July/August 2018

In this issue
  • 2018 Proficiency Testing Registration
  • FAQs on New Grain Count Requirement
  • Certification Bodies and Plant Registration
  • Mislabeling of GFCO Products
  • Certification Updates
  • GFCO Contact Information

2018 Proficiency Testing Registration  

Registration for GFCO’s 2018 Gluten Proficiency Testing (PT) round will begin on September 1, 2018. This year we plan to allow submission of qualitative and quantitative testing results.
This program provides one way to meet GFCO Standard requirement 72, which requires that all plants who perform their own in-house gluten testing participate in PT at least once every 4 years. Contact GFCO for other PT programs that are accepted to meet this requirement.
Beginning September 1, register by going to www.gluten.org/proficiency-registration/

REMINDER: Testing Submissions for the second quarter of 2018 were due on July 10th. Please make sure you have submitted your data to testing@gluten.org .
FAQs On GFCO’s Grain Count Requirement

On June 1, 2018, GFCO sent notice to all of our Brand Owners and manufacturing Plants that, beginning January 1, 2019, all whole unprocessed grains, beans, seeds, pulses and legumes sold bearing the GFCO logo must contain no more than 0.25 gluten-containing grains per kilogram, in addition to meeting the 10 ppm threshold.
Since the release of that notice, we have received several questions about its meaning and implementation. The following are some of the most frequently asked questions about this new requirement, with answers provided by GFCO.

What does the “0.25” refer to? What is being measured?
This new threshold is measured in the number of wheat, rye or barley grains present within a kilogram of the gluten-free grain, seed, bean, pulse or legume being sold. This number is obtained by examining the gluten-free grain for the presence of inadvertent wheat, rye or barley grains, and determining the average number of these grains per kilogram of gluten-free product. This threshold can also be expressed as “no more than 1 gluten-containing grain per every 4 kg of gluten-free grain”.
What does “unprocessed” mean?
Unprocessed means that the commodity has not been processed beyond basic cleaning, washing, dehulling, deshelling, heating to enhance stability (not for cooking), or drying for storage.
What is meant by “visual inspection”? For example, do the grain counts have to be done only by our staff?
For the purposes of this GFCO requirement, “visual inspection” means the identification of wheat, rye or barley grains within a gluten-free grain, as confirmed by the human eye. This does not mean that all of the sorting and identification have to be done entirely by people, although it can be. Properly validated optical and mechanical methods can also be used to sort grain samples and isolate any potential contamination by wheat, rye or barley. The final identification of any grains flagged by these methods should be made by trained personnel.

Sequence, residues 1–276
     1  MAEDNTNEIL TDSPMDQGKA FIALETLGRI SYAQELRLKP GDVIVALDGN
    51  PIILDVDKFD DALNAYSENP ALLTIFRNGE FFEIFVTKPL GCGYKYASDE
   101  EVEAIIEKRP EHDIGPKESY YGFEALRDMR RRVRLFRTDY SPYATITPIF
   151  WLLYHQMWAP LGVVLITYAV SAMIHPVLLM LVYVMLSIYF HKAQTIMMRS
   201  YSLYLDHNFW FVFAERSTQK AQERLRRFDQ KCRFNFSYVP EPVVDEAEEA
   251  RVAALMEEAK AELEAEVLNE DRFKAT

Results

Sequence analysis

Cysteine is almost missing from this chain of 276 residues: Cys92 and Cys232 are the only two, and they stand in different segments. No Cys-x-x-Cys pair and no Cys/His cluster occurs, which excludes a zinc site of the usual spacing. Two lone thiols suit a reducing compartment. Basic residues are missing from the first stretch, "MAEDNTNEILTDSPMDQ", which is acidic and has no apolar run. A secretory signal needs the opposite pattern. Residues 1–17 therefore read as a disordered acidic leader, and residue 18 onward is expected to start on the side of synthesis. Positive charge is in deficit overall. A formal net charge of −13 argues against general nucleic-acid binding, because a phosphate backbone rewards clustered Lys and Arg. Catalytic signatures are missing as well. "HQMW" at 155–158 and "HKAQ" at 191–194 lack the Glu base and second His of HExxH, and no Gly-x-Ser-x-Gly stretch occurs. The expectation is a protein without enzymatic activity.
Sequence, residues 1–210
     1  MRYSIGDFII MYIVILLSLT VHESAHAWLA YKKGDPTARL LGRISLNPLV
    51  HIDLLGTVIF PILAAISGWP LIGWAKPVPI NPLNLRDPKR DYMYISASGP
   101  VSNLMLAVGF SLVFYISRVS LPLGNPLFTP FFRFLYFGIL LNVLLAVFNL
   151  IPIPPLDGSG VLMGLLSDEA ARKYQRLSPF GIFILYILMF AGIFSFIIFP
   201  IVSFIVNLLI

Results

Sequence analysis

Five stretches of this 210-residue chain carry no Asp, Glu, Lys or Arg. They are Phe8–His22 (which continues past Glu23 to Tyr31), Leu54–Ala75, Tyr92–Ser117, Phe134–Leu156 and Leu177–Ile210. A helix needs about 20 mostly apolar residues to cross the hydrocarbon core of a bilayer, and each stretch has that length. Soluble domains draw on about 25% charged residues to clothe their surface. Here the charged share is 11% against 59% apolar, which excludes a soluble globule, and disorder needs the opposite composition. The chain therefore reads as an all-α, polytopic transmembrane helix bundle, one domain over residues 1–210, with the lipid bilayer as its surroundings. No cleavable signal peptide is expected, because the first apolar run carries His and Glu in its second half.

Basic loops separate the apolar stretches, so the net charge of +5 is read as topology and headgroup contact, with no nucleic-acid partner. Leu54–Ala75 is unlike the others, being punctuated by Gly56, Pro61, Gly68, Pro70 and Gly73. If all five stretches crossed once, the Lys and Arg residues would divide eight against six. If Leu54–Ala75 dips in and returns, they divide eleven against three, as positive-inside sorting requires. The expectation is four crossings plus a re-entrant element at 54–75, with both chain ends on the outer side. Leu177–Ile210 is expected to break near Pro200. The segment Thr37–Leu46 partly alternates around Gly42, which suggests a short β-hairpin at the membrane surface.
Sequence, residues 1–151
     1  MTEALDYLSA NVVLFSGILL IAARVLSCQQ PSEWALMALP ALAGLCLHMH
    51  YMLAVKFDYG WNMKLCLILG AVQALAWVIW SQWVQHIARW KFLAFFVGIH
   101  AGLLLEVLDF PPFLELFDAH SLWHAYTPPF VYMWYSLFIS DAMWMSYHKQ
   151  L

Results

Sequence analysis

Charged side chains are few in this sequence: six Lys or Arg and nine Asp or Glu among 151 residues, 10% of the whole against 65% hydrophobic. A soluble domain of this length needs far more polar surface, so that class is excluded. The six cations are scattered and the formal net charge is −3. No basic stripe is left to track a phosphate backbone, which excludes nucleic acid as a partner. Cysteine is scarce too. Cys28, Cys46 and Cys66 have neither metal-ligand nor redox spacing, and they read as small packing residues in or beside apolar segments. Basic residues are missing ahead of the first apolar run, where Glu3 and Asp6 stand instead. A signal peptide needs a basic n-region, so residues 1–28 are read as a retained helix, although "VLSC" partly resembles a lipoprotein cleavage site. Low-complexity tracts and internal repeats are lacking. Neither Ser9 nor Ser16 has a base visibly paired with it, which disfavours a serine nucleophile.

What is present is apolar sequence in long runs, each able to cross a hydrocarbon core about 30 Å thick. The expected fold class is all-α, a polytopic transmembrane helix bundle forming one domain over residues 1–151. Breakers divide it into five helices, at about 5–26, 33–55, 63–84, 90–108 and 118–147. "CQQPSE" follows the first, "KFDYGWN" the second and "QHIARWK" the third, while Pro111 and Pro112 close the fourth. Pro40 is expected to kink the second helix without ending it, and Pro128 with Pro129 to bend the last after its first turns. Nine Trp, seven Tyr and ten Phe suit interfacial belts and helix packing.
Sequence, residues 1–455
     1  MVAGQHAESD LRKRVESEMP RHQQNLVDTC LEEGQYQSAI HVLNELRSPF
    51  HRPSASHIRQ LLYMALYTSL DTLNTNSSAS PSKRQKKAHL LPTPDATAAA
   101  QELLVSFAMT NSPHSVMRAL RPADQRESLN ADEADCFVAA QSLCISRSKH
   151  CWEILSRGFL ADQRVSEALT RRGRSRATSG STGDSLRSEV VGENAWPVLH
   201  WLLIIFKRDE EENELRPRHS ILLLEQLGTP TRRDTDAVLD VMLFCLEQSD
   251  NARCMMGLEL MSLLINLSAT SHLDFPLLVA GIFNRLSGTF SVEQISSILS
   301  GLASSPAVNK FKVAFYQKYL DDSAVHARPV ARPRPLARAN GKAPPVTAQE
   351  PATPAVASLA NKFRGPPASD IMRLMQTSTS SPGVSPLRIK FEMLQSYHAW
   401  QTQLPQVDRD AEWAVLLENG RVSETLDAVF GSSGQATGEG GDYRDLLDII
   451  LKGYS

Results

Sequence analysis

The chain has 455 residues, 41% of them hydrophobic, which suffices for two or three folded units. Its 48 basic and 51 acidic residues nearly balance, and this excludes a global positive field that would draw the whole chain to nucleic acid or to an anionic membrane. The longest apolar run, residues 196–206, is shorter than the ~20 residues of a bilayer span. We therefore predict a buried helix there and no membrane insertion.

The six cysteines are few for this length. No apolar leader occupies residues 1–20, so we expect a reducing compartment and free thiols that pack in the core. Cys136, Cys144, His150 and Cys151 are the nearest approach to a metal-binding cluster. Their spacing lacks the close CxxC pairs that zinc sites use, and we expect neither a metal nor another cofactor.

Does this new requirement apply to my incoming ingredients?
No. At this time, GFCO is only placing this requirement on manufacturers who sell whole, unprocessed grains, beans, seeds, pulses and legumes bearing the GFCO logo.
Does this requirement apply to spices?
No, whole-seed spices are not expected to meet this new requirement.
Does this requirement include popping corn?
The requirement will apply to bulk popping corn sold for further packaging or processing, but not to popping corn that sold to consumers in any retail packaging, whether seasoned or unseasoned.
What records will GFCO expect to see, to show that we are meeting this new requirement?
In addition to the testing log you have been using to track your in-house gluten testing, or the test results you receive from an independent laboratory, GFCO auditors will also want to see records of the grain counts you have performed on each lot of whole grain, seed, bean, pulse or legume that is sold bearing the GFCO logo. These grain counts should be done using a statistically valid sampling plan, and should show that the average contamination is at a level below 0.25 gluten-containing grains per kilogram of the gluten-free grain, or 1 whole gluten grain per 4 kg of gluten-free grain.
If you have any questions about your company’s certified products, and whether this new requirement applies to any of them, please contact GFCO and we will review your product list.

Certification Bodies and Plant Registration

By the end of 2018, GFCO will be developing partnerships with other ISO 17065 accredited certification bodies, to give manufacturers more options for certification. This will expand the global reach, recognition and value of GFCO certification, which is already the leader in this field. All clients will still have the option to receive their certification directly through the GFCO certification program, but the addition of other certifiers may allow companies with other food safety certifications (SQF, BRC, Organic, etc.) to combine those with their gluten-free certification in one audit visit.